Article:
November 03, 2005


The Messiah Myth: The Near Eastern Roots of Jesus and David. By Thomas L. Thompson. Basic Books. $35.

University, Inc.: The Corporate Corruption of Higher Education. By Jennifer Washburn. Basic Books. $26.

     Neither of these books specifically sets out to undermine pillars of modern American thought, but that is what both books, if taken at face value, do.  The Messiah Myth offers an interesting counterbalance to the millions of Americans – about one-third of the population – who believe the Bible is literally true.  Copenhagen-based Biblical scholar Thomas L. Thompson argues that it is nothing of the sort, that it was never intended to be taken as literal truth, and that the audience for which it was written would have understood it as metaphor rather than fact.  Fundamentalists will not read Thompson’s book, much less be persuaded by it, but it is certainly a good amalgam of theories and explanations.  Christianity is the most accretive of religions: Easter, to cite a single example, takes its name from the pagan fertility goddess Oestre or Ostern (from whose name we also get the word estrogen), and is built on a long tradition of spring festivals thanking God (or the gods) for the renewal of growth after the apparent death of sustaining plant life during winter.  Thompson argues that such Biblical figures as Jesus and David were not historical people but messiah figures, continuations of a longstanding tradition of belief that a divinely appointed king would restore the world to perfection.  The dying and rising gods – resurrection and eternal life – the renewal of the seasons – all these long predate the Bible, Thompson argues, and are incorporated into it.  Thompson tends to make short shrift of what evidence there is for an actual David and Jesus, and of course his rational arguments will be unpersuasive to those who accept the Bible on faith (or because they have always been told to accept it, which amounts to the same thing).  Still, this thoughtful book makes some interesting points.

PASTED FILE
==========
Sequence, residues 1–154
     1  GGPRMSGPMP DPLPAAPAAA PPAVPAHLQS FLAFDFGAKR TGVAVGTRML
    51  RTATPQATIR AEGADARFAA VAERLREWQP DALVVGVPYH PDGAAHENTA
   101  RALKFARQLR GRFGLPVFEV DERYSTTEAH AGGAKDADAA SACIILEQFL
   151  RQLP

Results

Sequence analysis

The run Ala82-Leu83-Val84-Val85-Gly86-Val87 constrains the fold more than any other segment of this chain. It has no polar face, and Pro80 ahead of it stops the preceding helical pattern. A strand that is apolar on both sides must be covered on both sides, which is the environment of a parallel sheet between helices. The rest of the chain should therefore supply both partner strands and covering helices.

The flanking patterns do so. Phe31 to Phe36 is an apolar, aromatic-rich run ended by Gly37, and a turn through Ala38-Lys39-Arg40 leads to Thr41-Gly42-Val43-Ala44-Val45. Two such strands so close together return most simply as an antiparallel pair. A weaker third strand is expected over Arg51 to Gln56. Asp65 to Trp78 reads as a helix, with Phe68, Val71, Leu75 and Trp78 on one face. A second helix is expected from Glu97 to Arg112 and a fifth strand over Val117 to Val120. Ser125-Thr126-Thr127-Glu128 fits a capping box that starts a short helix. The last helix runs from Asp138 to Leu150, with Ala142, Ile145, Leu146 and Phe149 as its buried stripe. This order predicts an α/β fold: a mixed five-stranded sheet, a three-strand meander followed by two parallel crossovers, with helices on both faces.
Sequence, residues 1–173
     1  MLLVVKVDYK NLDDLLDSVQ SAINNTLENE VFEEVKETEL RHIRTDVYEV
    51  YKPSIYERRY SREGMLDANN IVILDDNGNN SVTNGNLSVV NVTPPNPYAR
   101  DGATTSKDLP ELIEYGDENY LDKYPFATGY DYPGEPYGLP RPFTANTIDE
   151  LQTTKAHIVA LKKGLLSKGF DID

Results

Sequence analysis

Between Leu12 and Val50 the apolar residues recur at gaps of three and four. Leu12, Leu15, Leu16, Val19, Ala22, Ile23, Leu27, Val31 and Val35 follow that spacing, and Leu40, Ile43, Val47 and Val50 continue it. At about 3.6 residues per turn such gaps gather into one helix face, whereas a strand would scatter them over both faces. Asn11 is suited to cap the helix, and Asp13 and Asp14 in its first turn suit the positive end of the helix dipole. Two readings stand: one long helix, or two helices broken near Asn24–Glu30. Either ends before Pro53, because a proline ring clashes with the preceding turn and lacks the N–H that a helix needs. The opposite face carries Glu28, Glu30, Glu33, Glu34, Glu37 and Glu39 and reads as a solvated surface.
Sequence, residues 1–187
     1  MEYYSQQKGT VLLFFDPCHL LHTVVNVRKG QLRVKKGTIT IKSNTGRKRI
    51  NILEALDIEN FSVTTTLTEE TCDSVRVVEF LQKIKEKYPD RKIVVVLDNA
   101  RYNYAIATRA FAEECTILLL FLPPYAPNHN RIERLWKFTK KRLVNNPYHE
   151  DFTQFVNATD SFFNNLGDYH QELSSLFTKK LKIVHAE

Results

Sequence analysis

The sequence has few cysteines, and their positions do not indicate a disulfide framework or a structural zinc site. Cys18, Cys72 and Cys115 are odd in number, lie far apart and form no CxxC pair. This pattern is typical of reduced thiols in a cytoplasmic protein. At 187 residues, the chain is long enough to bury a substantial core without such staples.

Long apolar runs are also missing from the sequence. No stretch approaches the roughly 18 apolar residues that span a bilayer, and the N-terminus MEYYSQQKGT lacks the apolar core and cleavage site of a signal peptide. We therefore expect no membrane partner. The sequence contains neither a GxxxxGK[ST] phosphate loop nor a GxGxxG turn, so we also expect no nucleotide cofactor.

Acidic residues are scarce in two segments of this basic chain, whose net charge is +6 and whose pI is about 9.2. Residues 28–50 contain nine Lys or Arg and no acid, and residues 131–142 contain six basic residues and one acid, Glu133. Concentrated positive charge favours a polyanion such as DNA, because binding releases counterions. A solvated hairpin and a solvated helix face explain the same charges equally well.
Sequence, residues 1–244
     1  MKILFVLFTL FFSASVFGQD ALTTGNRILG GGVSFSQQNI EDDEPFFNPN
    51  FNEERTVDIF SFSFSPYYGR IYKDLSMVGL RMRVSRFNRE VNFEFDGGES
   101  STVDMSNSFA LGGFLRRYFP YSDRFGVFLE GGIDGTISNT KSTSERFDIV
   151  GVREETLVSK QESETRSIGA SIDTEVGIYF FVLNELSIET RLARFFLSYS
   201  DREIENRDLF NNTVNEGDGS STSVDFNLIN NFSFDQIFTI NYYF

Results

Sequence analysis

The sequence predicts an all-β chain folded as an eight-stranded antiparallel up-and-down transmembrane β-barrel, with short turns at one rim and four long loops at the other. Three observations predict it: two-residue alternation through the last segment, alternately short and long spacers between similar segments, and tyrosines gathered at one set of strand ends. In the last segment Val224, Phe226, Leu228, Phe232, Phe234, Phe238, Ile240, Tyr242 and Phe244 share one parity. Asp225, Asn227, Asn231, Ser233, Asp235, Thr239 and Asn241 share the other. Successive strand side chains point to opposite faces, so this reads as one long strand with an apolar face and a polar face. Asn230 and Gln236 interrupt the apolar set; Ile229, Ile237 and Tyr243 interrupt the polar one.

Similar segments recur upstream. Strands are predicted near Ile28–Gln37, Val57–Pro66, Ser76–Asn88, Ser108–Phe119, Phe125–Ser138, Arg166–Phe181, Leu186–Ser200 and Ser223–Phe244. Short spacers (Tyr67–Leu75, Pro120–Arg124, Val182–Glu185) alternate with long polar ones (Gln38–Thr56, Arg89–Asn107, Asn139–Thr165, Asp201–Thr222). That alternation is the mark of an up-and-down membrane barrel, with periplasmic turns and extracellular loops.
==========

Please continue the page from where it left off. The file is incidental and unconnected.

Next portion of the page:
University, Inc. is a more argumentative, confrontational book, as close to polemic as to analysis.  Freelance journalist Jennifer Washburn trots out the now rather tired argument that corporate funding of universities invariably comes with specific strings attached, thereby leading to compromised research and inevitable conflicts of interest.  Pharmaceutical research comes in for most of her attacks, based on situations in which a corporation sued a researcher who found its AIDS drug ineffective, and researchers tied to drug companies downplayed the suicide risk to teenagers taking certain antidepressants.  Washburn has clearly done extensive research: her notes and index are half the length of her entire text.  But she seems to have started the book with an agenda, then done research to back it up.  This becomes clear in her recommendations for “The Path Forward”: significant increases in federal oversight of research and tightening of federal conflict-of-interest rules.  There are certainly abuses of corporate sponsorship of university research – but it can be argued (as Washburn does not) that corporate funding helps keep sky-high tuition down and lets universities offer more need-based aid to students.  It can also be argued (as Washburn also does not) that there are as many instances of government misuse of power and outright bungling – after Hurricane Katrina, for example – as there are of corporate malfeasance.  Substituting oversight by scientifically inept bureaucrats for dependence on sometimes over-greedy corporations is scarcely a confidence-inspiring plan.

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